Easynomics Rating Methodology: For this index, I will use the very latest reading and rate anything between zero and minus (-) 1.00 as “neutral” – anything above or below that will be rated “positive” or “negative” respectively.

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Economic Indicators Roundup – Abridged Version (July 7, 2014)

Economic indicators are everywhere, so this is kind of like a dashboard that I like to follow. For simplicity, I will assign each a rating of positive, neutral or negative. At the end, I assign an overall rating, but this is just to guide me in my takeaway of where things stand.  It’s not scientifically rigorous or anything.

  • Positive - indicative of a healthy, growing economy.
  • Neutral - indicative of a slow or no growth economy but not a contracting (recession) economy.
  • Negative - indicative of a shrinking economy or recession.

Quick Summary

Indicator (Click for details – only works if full article is open) Current Rating (change from previous roundup)
ADS Business Conditions Index Positive
Bloomberg Financial Conditions Index Positive
Daily Consumer Leading Indicators Negative
Citigroup Economic Surprise Index Neutral
Employment Trends Index Positive   (June index to be released later this morning – should be “positive”)
Chicago Fed National Activity Index Neutral
Easynomics Real Estate Price Stability Index Positive
Easy Trends Dashboard   (min/max -3 to +3) +2.67 = Definitely moving in a positive direction, with hardly any unconfirmed trends or off-trend readings

NOTE: You may be reading an outdated analysis.  Please visit my latest economic indicators roundup.


Easy Trends Dashboard

Updated: July 3, 2014
Consensus Score: +2.67   (vs +2.67 one week ago)
Interpretation:  Definitely moving in a positive direction, with hardly any unconfirmed trends or off-trend readings

Indicator Trend Score* (change from last roundup)
Employment Report +3
Existing Homes Sales and Inventory Months of Supply +3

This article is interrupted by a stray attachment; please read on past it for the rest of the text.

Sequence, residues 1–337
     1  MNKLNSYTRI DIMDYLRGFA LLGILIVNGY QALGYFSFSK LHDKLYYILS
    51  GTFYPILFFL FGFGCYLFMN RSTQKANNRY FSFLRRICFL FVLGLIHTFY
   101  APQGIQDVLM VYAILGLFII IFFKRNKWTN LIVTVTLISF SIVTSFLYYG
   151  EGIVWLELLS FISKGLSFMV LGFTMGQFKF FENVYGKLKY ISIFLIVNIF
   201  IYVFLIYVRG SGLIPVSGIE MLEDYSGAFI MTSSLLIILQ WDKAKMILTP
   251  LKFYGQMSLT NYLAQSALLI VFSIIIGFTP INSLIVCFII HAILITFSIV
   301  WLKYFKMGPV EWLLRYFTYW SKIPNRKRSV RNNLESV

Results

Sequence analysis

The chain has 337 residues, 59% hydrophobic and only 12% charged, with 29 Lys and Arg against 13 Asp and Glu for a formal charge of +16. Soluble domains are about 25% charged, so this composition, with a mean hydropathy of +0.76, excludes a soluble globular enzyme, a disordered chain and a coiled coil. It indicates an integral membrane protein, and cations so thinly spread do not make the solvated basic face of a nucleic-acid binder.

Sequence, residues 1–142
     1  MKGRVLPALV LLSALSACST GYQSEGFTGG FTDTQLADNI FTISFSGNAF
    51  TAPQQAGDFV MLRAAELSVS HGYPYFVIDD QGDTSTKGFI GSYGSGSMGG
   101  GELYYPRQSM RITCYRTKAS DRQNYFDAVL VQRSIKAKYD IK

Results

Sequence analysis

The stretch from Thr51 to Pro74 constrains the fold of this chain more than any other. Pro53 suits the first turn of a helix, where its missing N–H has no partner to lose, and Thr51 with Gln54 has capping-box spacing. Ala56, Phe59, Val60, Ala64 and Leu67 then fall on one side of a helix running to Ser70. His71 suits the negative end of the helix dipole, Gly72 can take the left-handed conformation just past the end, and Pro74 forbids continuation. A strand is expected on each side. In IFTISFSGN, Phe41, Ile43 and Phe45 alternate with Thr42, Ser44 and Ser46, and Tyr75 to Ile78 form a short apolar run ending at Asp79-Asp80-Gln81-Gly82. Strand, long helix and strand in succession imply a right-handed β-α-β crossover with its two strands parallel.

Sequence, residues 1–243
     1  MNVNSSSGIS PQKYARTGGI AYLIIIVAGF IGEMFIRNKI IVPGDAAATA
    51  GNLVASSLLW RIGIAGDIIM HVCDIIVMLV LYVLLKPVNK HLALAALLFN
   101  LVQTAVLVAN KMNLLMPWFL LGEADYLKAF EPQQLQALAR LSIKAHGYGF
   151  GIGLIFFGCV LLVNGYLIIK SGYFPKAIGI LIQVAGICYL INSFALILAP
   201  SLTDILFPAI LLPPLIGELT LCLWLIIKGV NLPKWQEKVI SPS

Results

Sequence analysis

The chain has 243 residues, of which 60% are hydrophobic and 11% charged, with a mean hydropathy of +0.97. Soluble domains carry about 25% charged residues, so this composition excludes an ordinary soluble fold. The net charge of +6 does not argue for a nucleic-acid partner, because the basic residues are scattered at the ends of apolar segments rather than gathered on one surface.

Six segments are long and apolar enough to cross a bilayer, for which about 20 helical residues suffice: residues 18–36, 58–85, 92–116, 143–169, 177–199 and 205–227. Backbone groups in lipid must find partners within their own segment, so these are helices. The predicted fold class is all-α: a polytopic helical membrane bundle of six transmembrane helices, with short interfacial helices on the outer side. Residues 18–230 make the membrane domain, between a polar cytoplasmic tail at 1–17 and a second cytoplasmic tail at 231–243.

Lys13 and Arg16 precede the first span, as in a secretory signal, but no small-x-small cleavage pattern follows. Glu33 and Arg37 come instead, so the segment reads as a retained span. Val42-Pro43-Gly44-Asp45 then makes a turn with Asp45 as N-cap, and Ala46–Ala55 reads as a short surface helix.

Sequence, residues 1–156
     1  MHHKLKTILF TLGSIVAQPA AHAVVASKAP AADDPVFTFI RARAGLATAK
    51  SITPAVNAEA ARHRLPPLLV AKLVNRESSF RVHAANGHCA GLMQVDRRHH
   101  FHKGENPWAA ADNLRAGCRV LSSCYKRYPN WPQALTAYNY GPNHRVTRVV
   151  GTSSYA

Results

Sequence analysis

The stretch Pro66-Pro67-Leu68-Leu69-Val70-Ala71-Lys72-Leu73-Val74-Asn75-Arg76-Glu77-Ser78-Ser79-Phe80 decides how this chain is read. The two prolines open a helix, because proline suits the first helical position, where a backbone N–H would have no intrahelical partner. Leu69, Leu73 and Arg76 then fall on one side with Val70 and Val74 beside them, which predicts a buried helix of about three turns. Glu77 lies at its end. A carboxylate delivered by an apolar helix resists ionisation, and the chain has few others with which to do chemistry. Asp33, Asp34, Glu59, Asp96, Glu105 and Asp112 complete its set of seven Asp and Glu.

Factory Orders +3
GDP +2
Industrial Production +3
New Residential Homes Sales and Inventory Months of Supply +2
Personal Income Levels +3
Residential Investment +2
Unemployment Claims +3

*Trend Score Definitions:

  • Confirmed trend with no recent readings that are off trend: +3 (good direction) or -3 (bad direction)
    • For each consecutive recent reading that was off trend in the opposite direction, I move the score by one point in the direction of zero
  • Unconfirmed trend: +1 (good direction) or -1 (bad direction)
  • No trend that has at least 50 percent confidence: 0

Easy Take

No ratings changed over the last week, assuming that the Employment Trends Index released this morning remains strong. The overall consensus thus remains “positive” again.

The Easy Trends Dashboard is still in outstanding shape, same as last week after a very strong jobs report last week.  The overall average for the trends dashboard suggests that indicators I follow are definitely headed in the right direction.

We currently have 4 positive, 2 neutral and 1 negative economic indicators.  Using a scale of positive=3, neutral=2 and negative=1, this yields an average rating of 2.43 out of 3.00 (versus 2.43 one week ago), which falls in the upper third of the possible range.  In other words, my set of economic indicators combine into a “positive” rating.  The consensus view of the above indicators is that economic conditions are consistent with positive growth at or above the historical average rate.  Trends suggest that indicators are definitely headed in a good direction.

Disclaimer: My dashboard isn’t really a group of similar indicators, so we can’t say that it represents any one particular thing.  For example, it’s not geared strictly toward predicting the future of the economy like a leading indicators dashboard.  It’s not like a coincident indicator dashboard that focuses on how things are right this second.  It’s just a bunch of things I like to follow, interpreted in a way to be consistent with either economic growth or shrinkage.  I would just guess that if the indicators I most like to follow start trending one way or the other, there is a good chance the economy is going that way, too.

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Housing and Real Estate – Easy Pod (July 2, 2013)

Housing and real estate were at the center of the most recent financial crisis, so it should be obvious why it is an important part of our economy …

For a “Quick ‘n Easy” read, just review the labeled white boxes, then skip to my “Easy Take” summary at the end.  You can review any charts/graphs afterward.  I want to make sure no one is intimidated by the length of my posts, even though I’m trying to making them easy …

NOTE: You may be reading an outdated analysis.  Please see my latest Housing and Real Estate Easy Pod for more info.

I’m continuing with a feature called “Easy Pod” – a collection of indicators that help portray the current status of something.  In this post, that something is housing and real estate. Let’s first review a few key concepts that are important to know about housing and real estate: (you can skip to below the first horizontal line if you’ve read this Easy Pod in the past)

  • There are two basic kinds of real estate, residential and non-residential.  Residential refers to places where people live.  Non-residential includes things like businesses, office buildings or warehouses.